My Name Is RedBook - 2001
From one of the most important and acclaimed writers at work today, a thrilling new novel—part murder mystery, part love story—set amid the perils of religious repression in sixteenth-century Istanbul.
When the Sultan commissions a great book to celebrate his royal self and his extensive dominion, he directs Enishte Effendi to assemble a cadre of the most acclaimed artists in the land. Their task: to illuminate the work in the European style. But because figurative art can be deemed an affront to Islam, this commission is a dangerous proposition indeed, and no one in the elite circle can know the full scope or nature of the project.
Panic erupts when one of the chosen miniaturists disappears, and the Sultan demands answers within three days. The only clue to the mystery—or crime?—lies in the half-finished illuminations themselves. Has an avenging angel discovered the blasphemous work? Or is a jealous contender for the hand of Enishte’s ravishing daughter, the incomparable Shekure, somehow to blame?
Orhan Pamuk’s My Name Is Red is at once a fantasy and a philosophical puzzle, a kaleidoscopic journey to the intersection of art, religion, love, sex, and power.
Baker & Taylor
In sixteenth-century Istanbul, a furor erupts when the Sultan hires a group of artists to illuminate a great book in the European style at a time in which all figurative art is considered Islamic heresy, but the situation becomes worse when one of the miniaturists vanishes.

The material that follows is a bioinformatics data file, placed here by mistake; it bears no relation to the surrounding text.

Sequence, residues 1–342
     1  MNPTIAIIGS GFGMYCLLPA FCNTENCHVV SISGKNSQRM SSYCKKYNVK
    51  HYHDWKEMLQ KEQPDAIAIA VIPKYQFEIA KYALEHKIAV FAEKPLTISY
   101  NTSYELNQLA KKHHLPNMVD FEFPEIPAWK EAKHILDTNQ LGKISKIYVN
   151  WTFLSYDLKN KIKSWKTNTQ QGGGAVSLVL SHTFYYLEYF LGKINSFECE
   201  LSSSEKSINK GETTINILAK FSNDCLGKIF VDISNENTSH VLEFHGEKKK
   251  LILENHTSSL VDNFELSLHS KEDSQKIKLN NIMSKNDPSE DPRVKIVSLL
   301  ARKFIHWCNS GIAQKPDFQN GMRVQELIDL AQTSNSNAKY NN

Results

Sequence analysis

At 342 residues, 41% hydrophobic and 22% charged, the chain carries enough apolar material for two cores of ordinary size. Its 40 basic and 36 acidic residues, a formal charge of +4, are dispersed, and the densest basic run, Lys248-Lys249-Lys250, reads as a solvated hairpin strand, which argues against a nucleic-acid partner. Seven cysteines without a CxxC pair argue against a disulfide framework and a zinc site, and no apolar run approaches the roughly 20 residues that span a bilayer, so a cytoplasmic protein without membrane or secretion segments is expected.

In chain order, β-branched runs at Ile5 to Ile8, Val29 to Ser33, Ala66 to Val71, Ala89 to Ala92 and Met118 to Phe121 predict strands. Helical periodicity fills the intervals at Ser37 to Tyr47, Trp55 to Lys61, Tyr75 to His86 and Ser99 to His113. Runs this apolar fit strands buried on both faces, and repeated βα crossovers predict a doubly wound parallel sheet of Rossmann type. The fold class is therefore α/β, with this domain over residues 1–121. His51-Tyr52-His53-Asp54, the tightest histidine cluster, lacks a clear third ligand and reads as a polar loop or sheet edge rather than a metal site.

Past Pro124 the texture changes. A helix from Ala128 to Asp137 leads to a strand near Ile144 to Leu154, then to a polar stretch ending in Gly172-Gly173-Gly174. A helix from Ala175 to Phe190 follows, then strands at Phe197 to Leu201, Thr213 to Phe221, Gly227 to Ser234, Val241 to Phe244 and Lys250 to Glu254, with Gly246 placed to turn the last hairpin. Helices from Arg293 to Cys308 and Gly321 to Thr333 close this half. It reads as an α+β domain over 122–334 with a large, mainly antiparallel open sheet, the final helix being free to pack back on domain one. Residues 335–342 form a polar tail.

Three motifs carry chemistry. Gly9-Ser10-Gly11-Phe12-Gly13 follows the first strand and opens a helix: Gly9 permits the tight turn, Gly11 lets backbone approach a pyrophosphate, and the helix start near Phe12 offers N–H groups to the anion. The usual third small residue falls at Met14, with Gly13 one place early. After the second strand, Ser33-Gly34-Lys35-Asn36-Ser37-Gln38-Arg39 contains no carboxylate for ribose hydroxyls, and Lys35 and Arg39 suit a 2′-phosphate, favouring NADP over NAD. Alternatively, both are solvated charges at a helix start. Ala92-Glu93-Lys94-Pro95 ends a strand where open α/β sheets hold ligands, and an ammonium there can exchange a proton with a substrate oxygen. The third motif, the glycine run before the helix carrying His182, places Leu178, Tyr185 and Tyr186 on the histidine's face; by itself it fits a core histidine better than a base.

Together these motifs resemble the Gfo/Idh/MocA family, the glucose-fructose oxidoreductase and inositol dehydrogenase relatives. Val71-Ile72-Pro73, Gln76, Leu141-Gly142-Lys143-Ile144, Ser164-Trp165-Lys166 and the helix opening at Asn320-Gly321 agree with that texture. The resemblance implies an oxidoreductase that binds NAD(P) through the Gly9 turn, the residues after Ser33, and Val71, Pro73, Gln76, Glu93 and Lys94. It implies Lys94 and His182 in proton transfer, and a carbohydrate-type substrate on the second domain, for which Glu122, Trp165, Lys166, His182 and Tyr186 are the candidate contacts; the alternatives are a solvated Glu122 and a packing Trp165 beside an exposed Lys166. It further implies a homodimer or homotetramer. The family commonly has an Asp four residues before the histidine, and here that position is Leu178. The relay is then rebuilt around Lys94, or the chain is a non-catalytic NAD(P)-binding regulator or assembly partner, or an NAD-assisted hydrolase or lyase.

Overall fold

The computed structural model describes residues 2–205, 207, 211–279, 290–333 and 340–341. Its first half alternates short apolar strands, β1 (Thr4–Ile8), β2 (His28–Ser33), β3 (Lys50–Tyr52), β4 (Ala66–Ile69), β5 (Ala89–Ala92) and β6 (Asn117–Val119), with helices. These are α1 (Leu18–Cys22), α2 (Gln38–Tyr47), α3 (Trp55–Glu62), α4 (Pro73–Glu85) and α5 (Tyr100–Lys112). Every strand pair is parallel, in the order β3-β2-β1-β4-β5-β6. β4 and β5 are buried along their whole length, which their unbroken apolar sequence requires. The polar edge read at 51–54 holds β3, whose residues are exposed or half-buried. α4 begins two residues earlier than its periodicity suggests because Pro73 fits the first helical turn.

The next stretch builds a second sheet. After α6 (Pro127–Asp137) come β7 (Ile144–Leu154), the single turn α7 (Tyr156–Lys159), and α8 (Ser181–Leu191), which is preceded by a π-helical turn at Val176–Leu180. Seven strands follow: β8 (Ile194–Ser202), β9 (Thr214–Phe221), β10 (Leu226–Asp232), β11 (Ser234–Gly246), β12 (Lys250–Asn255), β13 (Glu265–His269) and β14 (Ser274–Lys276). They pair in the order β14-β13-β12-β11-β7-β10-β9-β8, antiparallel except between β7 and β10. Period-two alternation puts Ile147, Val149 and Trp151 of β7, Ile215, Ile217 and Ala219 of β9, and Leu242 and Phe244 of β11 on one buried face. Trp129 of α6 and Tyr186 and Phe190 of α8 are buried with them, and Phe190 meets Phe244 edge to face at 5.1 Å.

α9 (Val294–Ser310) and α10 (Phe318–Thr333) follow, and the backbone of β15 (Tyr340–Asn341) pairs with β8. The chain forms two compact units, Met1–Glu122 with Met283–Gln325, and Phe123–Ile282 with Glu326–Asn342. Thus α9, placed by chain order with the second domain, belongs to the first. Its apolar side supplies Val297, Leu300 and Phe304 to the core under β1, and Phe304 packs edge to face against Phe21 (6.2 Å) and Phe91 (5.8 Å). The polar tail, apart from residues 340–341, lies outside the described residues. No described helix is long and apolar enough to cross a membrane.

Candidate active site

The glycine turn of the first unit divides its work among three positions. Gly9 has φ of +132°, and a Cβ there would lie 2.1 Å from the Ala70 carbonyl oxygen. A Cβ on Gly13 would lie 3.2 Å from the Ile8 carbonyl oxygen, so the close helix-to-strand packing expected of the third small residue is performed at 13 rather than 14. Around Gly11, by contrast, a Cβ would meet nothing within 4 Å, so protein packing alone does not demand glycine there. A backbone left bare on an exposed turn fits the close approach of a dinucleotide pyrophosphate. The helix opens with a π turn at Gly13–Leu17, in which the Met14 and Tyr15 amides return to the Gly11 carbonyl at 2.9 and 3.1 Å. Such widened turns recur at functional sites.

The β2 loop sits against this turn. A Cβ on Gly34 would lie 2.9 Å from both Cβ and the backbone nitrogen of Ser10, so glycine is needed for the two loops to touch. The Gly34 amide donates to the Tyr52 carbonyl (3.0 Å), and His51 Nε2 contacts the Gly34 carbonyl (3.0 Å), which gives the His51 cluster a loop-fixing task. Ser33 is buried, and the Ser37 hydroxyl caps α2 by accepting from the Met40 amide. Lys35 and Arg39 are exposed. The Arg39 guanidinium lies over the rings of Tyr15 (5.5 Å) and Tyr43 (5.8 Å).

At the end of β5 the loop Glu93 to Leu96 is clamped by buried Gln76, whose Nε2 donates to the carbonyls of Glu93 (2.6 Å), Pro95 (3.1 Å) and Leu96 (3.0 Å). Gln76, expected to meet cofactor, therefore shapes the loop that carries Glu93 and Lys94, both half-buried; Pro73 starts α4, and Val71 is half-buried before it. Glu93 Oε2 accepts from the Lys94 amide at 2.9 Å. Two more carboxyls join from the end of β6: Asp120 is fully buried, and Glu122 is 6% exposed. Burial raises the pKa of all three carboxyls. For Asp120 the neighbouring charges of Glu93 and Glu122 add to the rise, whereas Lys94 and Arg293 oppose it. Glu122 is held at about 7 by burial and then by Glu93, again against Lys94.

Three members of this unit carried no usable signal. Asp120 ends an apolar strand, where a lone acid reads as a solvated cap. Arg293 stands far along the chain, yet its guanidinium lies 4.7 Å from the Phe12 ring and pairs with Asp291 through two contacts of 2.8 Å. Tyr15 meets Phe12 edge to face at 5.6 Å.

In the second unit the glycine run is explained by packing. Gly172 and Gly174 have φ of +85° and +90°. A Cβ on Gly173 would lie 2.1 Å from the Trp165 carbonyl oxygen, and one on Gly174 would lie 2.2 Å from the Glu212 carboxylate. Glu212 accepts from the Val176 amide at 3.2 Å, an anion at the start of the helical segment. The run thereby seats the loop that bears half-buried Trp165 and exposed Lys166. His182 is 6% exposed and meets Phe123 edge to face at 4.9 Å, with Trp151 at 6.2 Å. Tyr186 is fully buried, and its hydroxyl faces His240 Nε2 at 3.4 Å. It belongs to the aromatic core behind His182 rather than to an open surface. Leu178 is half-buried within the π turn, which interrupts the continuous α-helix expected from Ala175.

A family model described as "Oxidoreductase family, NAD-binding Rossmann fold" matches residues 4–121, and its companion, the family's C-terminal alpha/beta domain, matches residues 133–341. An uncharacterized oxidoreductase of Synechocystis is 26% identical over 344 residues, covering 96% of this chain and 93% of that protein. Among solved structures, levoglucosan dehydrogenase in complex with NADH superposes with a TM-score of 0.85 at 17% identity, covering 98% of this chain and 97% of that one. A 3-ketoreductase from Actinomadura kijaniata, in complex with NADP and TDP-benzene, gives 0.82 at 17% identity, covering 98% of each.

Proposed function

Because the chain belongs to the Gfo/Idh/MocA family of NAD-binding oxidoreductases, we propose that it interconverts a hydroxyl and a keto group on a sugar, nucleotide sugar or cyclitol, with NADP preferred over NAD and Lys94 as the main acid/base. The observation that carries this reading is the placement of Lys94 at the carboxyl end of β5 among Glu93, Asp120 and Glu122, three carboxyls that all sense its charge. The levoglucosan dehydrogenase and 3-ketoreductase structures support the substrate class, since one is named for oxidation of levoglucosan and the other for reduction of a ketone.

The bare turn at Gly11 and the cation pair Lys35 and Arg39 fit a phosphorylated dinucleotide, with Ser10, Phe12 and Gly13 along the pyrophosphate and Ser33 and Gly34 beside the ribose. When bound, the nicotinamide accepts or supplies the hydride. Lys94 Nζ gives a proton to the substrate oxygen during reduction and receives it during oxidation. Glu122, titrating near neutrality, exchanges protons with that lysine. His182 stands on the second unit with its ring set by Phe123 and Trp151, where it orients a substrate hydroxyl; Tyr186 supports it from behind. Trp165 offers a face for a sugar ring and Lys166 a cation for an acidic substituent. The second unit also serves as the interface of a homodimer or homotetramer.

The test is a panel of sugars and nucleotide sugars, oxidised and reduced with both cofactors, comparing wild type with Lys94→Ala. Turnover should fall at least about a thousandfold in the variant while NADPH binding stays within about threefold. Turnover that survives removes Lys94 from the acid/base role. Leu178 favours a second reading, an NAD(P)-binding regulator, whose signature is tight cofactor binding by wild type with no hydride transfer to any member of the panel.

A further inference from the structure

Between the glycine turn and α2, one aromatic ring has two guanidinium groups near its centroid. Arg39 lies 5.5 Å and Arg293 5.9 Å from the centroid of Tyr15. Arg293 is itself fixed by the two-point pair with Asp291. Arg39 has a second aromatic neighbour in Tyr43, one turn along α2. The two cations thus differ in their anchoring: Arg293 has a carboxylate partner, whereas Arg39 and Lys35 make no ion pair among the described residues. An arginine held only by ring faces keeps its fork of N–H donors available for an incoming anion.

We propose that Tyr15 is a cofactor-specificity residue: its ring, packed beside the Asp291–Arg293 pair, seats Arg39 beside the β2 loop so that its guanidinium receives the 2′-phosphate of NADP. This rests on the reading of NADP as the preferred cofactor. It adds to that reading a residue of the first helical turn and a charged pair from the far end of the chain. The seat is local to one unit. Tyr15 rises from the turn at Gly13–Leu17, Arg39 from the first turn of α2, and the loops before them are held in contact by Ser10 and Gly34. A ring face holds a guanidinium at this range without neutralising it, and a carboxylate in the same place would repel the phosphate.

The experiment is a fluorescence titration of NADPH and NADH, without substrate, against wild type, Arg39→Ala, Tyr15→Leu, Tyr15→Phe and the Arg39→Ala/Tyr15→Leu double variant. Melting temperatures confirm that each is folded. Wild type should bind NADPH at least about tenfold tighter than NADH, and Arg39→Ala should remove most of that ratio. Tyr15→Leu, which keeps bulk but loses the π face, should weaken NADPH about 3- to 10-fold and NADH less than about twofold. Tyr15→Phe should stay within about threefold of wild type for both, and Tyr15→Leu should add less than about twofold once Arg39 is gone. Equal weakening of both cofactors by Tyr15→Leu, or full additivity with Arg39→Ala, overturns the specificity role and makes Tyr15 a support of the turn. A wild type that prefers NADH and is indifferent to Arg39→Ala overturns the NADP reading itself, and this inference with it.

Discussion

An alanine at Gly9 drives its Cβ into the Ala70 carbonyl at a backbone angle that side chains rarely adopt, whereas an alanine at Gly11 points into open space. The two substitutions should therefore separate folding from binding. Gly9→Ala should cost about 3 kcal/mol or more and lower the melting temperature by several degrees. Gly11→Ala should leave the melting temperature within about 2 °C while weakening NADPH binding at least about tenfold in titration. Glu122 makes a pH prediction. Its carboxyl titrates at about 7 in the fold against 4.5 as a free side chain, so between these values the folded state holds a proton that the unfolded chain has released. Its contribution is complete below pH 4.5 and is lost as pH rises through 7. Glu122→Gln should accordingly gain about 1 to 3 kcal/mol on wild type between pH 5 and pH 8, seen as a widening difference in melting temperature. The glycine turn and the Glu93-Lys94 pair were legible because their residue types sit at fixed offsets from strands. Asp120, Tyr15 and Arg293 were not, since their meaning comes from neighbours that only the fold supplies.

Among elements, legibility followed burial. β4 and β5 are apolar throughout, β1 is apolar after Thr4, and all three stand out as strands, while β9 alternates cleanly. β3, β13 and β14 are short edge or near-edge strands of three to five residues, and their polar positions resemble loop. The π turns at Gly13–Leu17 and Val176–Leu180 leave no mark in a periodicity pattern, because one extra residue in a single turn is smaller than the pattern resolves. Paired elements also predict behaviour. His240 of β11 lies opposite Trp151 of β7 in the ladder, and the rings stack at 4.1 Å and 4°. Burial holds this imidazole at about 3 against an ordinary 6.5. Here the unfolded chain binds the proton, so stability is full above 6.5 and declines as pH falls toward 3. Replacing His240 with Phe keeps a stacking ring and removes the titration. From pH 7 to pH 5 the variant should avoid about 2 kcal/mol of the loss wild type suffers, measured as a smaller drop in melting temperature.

A furor erupts when the Sultan hires a group of artists, under the direction of Master Uncle, to illuminate a great book in the European style to celebrate his reign at a time in which all figurative art is considered Islamic heresy, but the situation becomes worse when one of the miniaturists vanishes, in a mystery set against the backdrop of religious repression in sixteenth-century Istanbul. 30,000 first printing.
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Nobel Prize-winning Pamuk sets this murder mystery in Istanbul during the height of the Ottoman Empire. A sultan commissions a group of artists to create an illustrated book based on his life. When the body of the lead artist appears at the bottom of a well, the clues to his demise must be found within the paintings themselves. Melded into the “whodunit” nature of this novel is an examination of 16th-century Turkish mores and customs, as well as a study of the role figurative art plays in the Islamic religion.
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